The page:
The Big Lebowski opens on The Dude (Jeff Bridges) stumbling through the dairy aisle at Ralph’s. The scene feels reminiscent of Marlowe browsing the supermarket shelves for cat food, except Gould’s Marlowe is a misplaced New Yorker, chain-smoking in his suit, and The Dude is all California. He wears a bathrobe and sandals, sunglasses indoors. We watch him sniff cartons of half-and-half and then purchase one—which he has clearly already sampled; drops of milk dot his beard—with a $0.69 check.
When The Dude arrives home, two thugs ambush him. One of them shoves The Dude into the bathroom—the carton of half-and-half explodes onto the wall—and dunks his head repeatedly into the toilet bowl. “Where’s the money, Lebowski?” he demands. “We want that money, Lebowski. Bunny says you’re good for it.” Meanwhile, the second thug unzips his pants and urinates on The Dude’s rug. But the two intruders soon realize they’ve got the wrong guy (“Isn’t [Lebowski] supposed to be a millionaire?”) and leave. The Dude, and his rug, have suffered from a case of mistaken identity.
Bob Dylan’s “The Man in Me” then starts playing over a montage of shots from a bowling alley, where the camera finds The Dude sharing a lane with his friends Walter Sobchak (John Goodman) and Donny (Steve Buscemi), telling them about the strange events that just befell him. As The Dude explains, those thugs really meant to intimidate a different guy, a guy who shares The Dude’s (real) name—Jeffrey Lebowski. This other Lebowski, the rich “Big” Lebowski (David Huddleston), has a wife named Bunny (Tara Reid) who owes money to the thugs’ boss. Now The Dude is out one rug because of someone else’s mistake.
Well, as the presence of Sam Elliott’s narration serves to remind us, Los Angeles was once centered in the Wild West, a chaotic and lawless land where honor-bound loners, vigilante defenders of Truth and Honor, established order against corruption. And this worldview, the idea that we should all actually stand for something, finds embodiment in John Goodman’s Walter, a pious and obscene Vietnam veteran.
Walter pushes the plot into action (as he will continue to do over and over again throughout the film). The Dude would have passively moved on from the apartment-trashing with another night of bowling and Miller High Life, but Walter convinces him to seek justice. “I’m talking about drawing a line in the sand, Dude,” he says, pumping his fist with vigor. “Across this line, you do not.”
Walter’s belief in absolute, uncrossable lines explains why he feels most comfortable within the highly delineated environment of a bowling alley—and why he draws a gun when another bowler named Smokey (allegedly) traverses one such line during a league match. The joke here, of course, is that Walter believes so strongly in his version of the laws of decency and morality that he will break these rules to defend them. He is simultaneously enforcer and transgressor.
Egged on by Walter, The Dude confronts the Big Lebowski, who turns down his request for a replacement rug. So The Dude steals one anyway. That appears to be that—enough cosmic justice to satisfy The Dude.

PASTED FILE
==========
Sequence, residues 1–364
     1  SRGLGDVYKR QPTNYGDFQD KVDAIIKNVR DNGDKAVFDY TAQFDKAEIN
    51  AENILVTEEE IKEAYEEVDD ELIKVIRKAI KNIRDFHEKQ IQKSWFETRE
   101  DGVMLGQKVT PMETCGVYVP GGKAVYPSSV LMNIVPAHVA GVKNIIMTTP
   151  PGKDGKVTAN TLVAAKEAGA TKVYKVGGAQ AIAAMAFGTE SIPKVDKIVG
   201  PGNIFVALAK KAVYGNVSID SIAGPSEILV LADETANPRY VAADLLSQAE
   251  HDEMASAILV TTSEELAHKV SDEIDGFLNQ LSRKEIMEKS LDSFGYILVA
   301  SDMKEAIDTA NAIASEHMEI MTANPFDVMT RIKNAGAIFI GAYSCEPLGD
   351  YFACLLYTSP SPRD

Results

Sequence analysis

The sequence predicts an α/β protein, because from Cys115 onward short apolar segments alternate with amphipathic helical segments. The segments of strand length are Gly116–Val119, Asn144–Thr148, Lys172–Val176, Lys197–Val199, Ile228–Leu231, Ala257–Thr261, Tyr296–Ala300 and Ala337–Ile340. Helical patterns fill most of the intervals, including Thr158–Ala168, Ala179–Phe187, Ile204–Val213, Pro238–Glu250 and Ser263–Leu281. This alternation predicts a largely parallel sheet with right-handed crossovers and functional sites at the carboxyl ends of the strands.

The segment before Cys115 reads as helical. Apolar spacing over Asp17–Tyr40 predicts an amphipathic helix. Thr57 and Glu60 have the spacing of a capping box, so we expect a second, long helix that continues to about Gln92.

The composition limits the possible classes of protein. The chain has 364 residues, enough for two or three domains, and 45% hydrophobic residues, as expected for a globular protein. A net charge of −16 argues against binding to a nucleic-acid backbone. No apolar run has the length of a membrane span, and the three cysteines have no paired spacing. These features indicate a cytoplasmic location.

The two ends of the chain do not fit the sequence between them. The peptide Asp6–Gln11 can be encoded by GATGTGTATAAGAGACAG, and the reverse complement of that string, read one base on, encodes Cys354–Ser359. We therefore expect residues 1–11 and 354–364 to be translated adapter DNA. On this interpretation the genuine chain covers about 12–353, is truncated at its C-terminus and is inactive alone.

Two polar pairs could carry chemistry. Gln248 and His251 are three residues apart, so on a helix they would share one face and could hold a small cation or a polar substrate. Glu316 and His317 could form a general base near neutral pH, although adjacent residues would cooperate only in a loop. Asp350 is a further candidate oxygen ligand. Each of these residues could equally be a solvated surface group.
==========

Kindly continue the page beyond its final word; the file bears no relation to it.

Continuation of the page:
Lebowski, though, soon learns that Bunny has been kidnapped, perhaps in retaliation for her debts, and recruits The Dude to pay off the ransom with a cash drop. Supposedly, The Dude is the perfect person for this job because he can identify whether the kidnappers are the same people who peed on his rug. (“He thinks the carpet pissers did this?” The Dude asks skeptically between hits off a joint.)
As The Dude explains this scenario to Walter—the two of them once again sitting in the bowling alley, killing time until The Dude gets his signal to go make the handoff—Walter nods along placidly … until The Dude suggests that Bunny probably just kidnapped herself. At this point, Walter’s mood flips into pure rage. “Those rich fucks,” he mutters. “This whole fucking thing. I did not watch my buddies die face-down in the muck so that this fucking strumpet …”
In Walter’s mind, Bunny—like Smokey—is just another person with her foot over the line. You do that, you make a mockery out of truth. And Walter won’t stand for that. Once a rule has been broken, Walter feels that anything can be done in retaliation. This is why he decides—despite The Dude’s protestations—to switch out Lebowski’s briefcase of cash with a ringer full of Walter’s own dirty underwear. If Bunny kidnapped herself—a random theory The Dude threw out that Walter now takes for absolute fact, despite a lack of concrete evidence—then she doesn’t deserve a dime.
A lot of the humor in The Big Lebowski comes from taking a tough detective figure like Philip Marlowe and dividing his personality traits between The Dude and Walter. Spread across two characters, these traits sprawl and atrophy, like wildlife dropped into the wrong ecosystems.
Walter—a war veteran, as so many fictional private investigators are—possesses the moral principles, the muscle, and the unshakable confidence in the face of danger. (Walter, in fact, only ever acts calm when he is being threatened.) But he’s also emotionally unstable, his behavior driven more by furious indignation than rationality: he references his experiences in Vietnam to justify all of his moral outrage, even—or especially—when the connection is tenuous.